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Support Care Cancer. 2019 Jan 19. doi: 10.1007/s00520-018-4625-z. [Epub ahead of print]

The impact of cancer type, treatment, and distress on health-related quality of life: cross-sectional findings from a study of Australian cancer patients.

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Centre for Palliative Care, St Vincent's Hospital, Melbourne, Victoria, 3065, Australia.
Department of Medicine, University of Melbourne, Melbourne, Victoria, 3010, Australia.
School of Psychology, Deakin University, Melbourne, Victoria, 3125, Australia.
Centre for Behavioural Research in Cancer, Cancer Council Victoria, Melbourne, Victoria, 3004, Australia.



This study examined the mediating effects of cancer type, treatment, and distress on health-related quality of life (HRQoL) for early diagnosis cancer patients. Results were interpreted with respect to established thresholds for clinical meaningfulness.


A cross-sectional design was used. Patients completed surveys collecting demographics, cancer type, treatment, comorbid conditions, distress (HADS), and HRQoL (FACT-G). Hierarchical multivariate regressions examined associations between cancer type, treatment, and distress on HRQoL. Established minimum differences were used to identify clinically meaningful changes in HRQoL.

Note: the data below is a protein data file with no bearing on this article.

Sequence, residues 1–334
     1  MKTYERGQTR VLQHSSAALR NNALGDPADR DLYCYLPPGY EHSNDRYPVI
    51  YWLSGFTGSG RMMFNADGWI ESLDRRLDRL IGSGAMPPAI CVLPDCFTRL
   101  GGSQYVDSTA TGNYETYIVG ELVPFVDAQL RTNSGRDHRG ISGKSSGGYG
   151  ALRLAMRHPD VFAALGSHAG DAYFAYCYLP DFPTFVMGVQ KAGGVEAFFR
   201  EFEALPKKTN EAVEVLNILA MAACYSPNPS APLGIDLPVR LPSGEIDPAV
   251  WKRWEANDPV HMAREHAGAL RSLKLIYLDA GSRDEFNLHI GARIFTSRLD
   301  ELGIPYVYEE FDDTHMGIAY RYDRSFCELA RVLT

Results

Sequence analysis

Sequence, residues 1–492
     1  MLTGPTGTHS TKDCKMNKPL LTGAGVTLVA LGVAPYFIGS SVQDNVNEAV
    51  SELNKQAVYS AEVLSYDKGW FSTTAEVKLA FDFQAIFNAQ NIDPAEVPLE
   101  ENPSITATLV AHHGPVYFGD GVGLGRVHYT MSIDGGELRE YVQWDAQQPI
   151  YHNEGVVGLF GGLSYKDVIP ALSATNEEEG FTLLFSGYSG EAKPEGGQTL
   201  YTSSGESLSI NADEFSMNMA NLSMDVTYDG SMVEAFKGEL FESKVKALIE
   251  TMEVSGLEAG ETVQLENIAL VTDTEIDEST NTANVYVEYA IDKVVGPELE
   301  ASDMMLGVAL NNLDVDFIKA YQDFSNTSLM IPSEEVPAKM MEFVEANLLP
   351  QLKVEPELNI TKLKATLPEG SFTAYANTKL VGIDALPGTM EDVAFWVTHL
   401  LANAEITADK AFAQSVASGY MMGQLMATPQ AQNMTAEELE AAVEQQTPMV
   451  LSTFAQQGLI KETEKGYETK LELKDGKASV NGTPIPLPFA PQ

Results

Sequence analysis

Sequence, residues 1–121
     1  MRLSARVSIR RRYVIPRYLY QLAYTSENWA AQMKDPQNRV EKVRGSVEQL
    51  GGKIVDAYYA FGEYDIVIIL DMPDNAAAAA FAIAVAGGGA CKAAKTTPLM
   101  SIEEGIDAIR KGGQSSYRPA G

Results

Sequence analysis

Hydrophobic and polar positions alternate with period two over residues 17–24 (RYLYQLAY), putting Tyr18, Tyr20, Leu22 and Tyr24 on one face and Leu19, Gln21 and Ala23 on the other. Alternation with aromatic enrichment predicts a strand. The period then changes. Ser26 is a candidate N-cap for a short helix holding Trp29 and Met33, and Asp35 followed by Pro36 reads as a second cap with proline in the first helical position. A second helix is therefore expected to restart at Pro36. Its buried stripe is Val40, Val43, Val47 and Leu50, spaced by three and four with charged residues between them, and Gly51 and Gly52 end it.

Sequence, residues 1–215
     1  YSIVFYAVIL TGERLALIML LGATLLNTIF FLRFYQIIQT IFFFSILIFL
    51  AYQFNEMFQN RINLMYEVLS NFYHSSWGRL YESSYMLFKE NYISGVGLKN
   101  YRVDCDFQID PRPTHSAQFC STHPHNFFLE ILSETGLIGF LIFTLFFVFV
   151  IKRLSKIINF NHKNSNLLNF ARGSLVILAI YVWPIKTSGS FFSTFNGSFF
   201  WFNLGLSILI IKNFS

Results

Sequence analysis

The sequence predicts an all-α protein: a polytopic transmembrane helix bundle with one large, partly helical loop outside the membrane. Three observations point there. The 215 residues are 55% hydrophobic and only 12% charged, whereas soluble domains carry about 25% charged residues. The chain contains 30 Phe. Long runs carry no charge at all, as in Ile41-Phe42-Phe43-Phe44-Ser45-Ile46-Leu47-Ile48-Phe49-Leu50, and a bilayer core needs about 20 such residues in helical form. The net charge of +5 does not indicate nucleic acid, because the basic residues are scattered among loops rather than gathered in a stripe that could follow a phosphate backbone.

Of the 1183 patients surveyed, 21% were classified as having elevated anxiety and 13% had elevated depression. Our sample reported significantly lower physical and emotional well-being compared to population norms. Patients with prostate, melanoma, gynaecological, and urological cancers had higher HRQoL scores than those with colorectal cancer. However, when effects for treatment type and distress were considered, differences between cancer types became non-significant. Anxiety and depression were associated with lower HRQoL scores as was chemotherapy. Only depression, anxiety, and chemotherapy were associated with clinically meaningful decreases in HRQoL scores.


While statistically significant differences in HRQoL were found between different cancer types, only chemotherapy, anxiety, and depression produced clinically meaningful poorer HRQoL scores. In practice, clinically meaningful differences could promote a shift in resources toward interventions where a positive effect on patient well-being is appreciated by both the patient and health professional.


Cancer; Clinically meaningful differences; Distress; Patient-reported outcomes; Quality of life; Treatment


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